This approach seems to be embodied through Night Vale, although much of the citizenry seems predisposed towards violent, reactionary response: how Telly was dealt with. The Mountain Apologists and the City Under the Bowling Alley. Now, granted, these examples aren’t necessarily a response to violence or horror; they’re more a response by citizens against an ‘other’ who challenges or supposedly threatens Night Vale’s beliefs and/or way of life, and there’s a decidedly political bent to them, and they’re definitely meant to satirize actual political events that have and are happening in North America (demonizing other countries in order to justify war, for instance). Even so, it’s important to note that often times Cecil has to directly give his own opinion in order to express that he feels “violence isn’t an answer, it’s a question… the real answer is much more terrifying” because the assumption is that violence would be the only appropriate response.

Another approach is to deliberately gloss over violence or horror by instead focusing on ideal scenarios - an “everything is fine” mentality in some cases, but in others simply a desire to shield society - or certain segments of society - from experiences that are difficult or potentially damaging. This approach seems to be embodied throughout Desert Bluffs… or more specifically, it could be embodied by KEVIN, because Strexcorp is only interested in the glossing-over as it happens to further corporate goals. For instance, by creating an illusion of accountability and innocence in the horrific environmental conditions being created around DB (like the 4-armed radioactive deer attracted to the distribution plant).

Now, these two points above are slight oversimplifications. Talking about what appropriate responses to violence and horror are is still (and probably always will be) an ongoing debate. I’m thinking as an example about the movie “Bully” when it was released in North America; A documentary that is brutally honest about bullying in High Schools, talks directly to students and is representative of actual experience… and got slapped with an R rating that would have prevented the intended audience (teenagers) from seeing a film that is meant to bear witness to things that are actually going on. My personal opinion is that it’s more important to be able to talk, think about, and educate others on things that are actually going on (subjects of controversy and violence and such) but that the approach being taken needs to be carefully thought out due to cognitive dissonance, responding for survivors of trauma, making the discussion a safe space with guidelines for authoritative speech, etc. I digress.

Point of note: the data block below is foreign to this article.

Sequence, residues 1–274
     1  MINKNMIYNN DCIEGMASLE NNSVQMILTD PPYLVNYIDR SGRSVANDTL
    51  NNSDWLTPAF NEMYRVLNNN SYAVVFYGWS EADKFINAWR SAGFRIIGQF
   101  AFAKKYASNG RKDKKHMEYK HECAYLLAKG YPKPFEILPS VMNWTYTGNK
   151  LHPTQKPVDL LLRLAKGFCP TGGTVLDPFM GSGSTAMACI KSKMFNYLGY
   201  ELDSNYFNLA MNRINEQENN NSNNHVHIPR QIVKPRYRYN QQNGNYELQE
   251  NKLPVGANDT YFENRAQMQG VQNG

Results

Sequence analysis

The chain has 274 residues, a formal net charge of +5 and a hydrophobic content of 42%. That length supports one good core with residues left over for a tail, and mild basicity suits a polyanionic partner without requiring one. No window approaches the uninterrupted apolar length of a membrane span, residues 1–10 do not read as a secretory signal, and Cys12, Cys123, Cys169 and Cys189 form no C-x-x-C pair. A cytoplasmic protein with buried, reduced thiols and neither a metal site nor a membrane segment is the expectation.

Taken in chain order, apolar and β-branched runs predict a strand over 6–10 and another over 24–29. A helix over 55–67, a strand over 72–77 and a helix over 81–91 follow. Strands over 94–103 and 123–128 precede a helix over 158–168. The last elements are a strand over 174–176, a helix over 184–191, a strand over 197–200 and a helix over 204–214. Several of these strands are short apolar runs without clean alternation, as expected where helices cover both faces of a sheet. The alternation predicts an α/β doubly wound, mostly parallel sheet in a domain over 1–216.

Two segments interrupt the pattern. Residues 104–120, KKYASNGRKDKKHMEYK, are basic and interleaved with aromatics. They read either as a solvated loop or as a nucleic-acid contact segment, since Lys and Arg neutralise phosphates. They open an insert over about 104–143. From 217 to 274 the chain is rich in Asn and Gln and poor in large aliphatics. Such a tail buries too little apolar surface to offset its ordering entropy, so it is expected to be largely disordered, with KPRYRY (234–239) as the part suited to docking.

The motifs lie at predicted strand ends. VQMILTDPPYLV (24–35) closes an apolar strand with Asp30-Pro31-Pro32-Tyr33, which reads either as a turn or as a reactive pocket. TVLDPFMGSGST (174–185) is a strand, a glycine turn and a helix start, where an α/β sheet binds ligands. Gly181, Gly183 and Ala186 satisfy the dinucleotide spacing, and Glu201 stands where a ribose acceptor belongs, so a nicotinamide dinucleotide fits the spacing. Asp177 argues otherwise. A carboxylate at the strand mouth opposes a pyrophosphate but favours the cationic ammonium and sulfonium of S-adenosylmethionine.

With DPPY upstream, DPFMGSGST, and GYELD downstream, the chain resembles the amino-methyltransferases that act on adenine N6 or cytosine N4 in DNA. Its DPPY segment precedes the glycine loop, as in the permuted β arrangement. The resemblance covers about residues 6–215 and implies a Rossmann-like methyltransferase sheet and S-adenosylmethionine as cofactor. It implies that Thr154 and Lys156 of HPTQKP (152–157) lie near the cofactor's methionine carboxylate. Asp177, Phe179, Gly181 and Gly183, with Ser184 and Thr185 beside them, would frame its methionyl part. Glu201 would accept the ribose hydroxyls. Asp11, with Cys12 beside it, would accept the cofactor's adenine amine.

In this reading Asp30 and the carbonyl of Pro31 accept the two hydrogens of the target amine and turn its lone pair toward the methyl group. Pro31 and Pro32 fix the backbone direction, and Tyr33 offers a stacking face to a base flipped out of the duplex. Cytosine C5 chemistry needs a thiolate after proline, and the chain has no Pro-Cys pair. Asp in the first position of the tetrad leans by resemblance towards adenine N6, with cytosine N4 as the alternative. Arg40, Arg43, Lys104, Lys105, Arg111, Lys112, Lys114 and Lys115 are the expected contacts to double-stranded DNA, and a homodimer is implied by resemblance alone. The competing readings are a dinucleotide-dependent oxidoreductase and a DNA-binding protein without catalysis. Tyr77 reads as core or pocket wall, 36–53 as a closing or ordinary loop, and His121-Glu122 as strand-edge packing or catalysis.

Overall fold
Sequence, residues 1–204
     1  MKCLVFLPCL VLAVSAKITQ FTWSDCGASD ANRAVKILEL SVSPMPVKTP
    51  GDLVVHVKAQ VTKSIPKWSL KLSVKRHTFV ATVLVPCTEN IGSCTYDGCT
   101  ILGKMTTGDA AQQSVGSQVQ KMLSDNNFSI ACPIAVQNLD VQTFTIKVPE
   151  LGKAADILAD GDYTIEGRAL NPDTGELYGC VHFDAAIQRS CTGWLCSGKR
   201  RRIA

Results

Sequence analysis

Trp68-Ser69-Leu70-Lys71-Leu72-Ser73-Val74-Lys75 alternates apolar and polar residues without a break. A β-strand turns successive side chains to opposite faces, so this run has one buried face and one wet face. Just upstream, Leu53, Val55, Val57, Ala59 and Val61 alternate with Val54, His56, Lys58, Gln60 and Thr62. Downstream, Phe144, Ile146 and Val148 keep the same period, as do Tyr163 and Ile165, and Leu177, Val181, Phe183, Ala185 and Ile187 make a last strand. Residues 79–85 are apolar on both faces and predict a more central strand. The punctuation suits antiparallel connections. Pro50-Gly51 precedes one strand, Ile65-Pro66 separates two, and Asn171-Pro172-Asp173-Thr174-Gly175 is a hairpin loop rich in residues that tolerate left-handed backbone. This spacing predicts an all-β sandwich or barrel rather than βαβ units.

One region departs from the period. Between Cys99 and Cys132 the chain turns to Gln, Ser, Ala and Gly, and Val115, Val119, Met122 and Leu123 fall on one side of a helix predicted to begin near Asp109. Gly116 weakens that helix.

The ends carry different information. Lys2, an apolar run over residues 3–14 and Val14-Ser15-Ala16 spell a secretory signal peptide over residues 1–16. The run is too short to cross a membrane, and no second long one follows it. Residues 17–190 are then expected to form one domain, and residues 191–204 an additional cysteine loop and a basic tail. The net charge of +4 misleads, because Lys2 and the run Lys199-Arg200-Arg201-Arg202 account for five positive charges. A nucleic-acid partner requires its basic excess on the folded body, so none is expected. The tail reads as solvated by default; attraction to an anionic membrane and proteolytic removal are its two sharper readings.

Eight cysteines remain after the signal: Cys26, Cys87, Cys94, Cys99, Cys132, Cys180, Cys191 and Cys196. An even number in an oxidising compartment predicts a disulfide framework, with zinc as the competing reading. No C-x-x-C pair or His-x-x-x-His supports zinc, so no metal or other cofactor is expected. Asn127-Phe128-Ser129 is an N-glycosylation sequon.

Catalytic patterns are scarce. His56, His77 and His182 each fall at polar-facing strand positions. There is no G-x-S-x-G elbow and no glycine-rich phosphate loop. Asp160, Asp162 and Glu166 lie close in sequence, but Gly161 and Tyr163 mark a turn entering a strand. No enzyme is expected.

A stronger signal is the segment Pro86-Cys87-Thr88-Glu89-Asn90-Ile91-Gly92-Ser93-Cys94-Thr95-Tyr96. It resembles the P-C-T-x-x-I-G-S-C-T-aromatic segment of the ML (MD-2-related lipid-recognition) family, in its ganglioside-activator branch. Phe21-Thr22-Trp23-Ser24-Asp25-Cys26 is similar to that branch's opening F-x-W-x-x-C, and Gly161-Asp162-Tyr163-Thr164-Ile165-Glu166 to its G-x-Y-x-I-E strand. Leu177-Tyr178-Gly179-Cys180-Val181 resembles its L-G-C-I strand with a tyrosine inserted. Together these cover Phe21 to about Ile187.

Regardless, the point I’m trying to make is that Cecil and Kevin - as reporters who actively self-censor and choose their words very carefully in direct response to a VERY THREATENING WORK ENVIRONMENT THAT DEMANDS THESE RESPONSES FROM THEM- possibly have very different approaches for reporting on horror. Cecil directly showing/telling citizens what is ‘actually happening’ before focusing on a possible response; a consequence of this approach being that his listeners may internalize violent behaviour / reaction as a response before thinking about why things might be ‘innocent’ as opposed to frightening. Kevin, for whom it is necessary to gloss over or deliberately ignore violence and horror… but who instead gives citizens an alternative expectation for how they ‘ought to’ behave. A possible consequence of this approach? If violence and horror are never overtly discussed or addressed, they remain alien experiences and a calm response might not be possible, simply because there is nothing for the respondee to fall back on as ‘this is what I can do’. Or it makes it possible to ignore and discount violence as something that “isn’t happening” and therefore “isn’t an issue”.

I’m not sure I’m in full agreement about all the points the OP makes, simply because a few of them have to be based in extrapolations from the show - mostly about the state of affairs in Kevin’s studio with the viscera-equipment and such, because I think we need more information directly from the show before we can say whether Desert Bluffs was a gore-streaked horrorshow prior to Strexcorp’s arrival or as a consequence of. HOWEVER, I am in agreement that many fanon interpretations of Kevin are highly reductionist in nature and that’s disappointing to see. Even if it turns out that Kevin IS somehow maliciously inclined, he should still be well-rounded with complex motivations and beliefs and morals and values because, well, people are like that. 

April 16, 2014

Wait a second. I just realized what the descriptions of the dark planet — a beautiful, powerful, terrifying thing which surfaces before the protagonist’s eyes and eclipses everything ordinary — reminded me of: